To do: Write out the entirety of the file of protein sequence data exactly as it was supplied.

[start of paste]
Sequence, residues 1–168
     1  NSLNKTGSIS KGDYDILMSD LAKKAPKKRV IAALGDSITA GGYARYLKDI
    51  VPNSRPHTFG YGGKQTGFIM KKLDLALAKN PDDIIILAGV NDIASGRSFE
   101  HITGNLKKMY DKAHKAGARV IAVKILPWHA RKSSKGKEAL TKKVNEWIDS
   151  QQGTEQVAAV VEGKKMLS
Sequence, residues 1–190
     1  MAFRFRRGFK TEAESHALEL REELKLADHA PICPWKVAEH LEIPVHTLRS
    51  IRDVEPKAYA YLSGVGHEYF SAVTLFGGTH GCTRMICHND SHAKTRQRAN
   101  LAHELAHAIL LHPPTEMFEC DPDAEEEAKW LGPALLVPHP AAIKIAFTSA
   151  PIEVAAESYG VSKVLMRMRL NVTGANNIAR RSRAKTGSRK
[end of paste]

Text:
Sequence, residues 1–168
     1  NSLNKTGSIS KGDYDILMSD LAKKAPKKRV IAALGDSITA GGYARYLKDI
    51  VPNSRPHTFG YGGKQTGFIM KKLDLALAKN PDDIIILAGV NDIASGRSFE
   101  HITGNLKKMY DKAHKAGARV IAVKILPWHA RKSSKGKEAL TKKVNEWIDS
   151  QQGTEQVAAV VEGKKMLS
Sequence, residues 1–190
     1  MAFRFRRGFK TEAESHALEL REELKLADHA PICPWKVAEH LEIPVHTLRS
    51  IRDVEPKAYA YLSGVGHEYF SAVTLFGGTH GCTRMICHND SHAKTRQRAN
   101  LAHELAHAIL LHPPTEMFEC DPDAEEEAKW LGPALLVPHP AAIKIAFTSA
   151  PIEVAAESYG VSKVLMRMRL NVTGANNIAR RSRAKTGSRK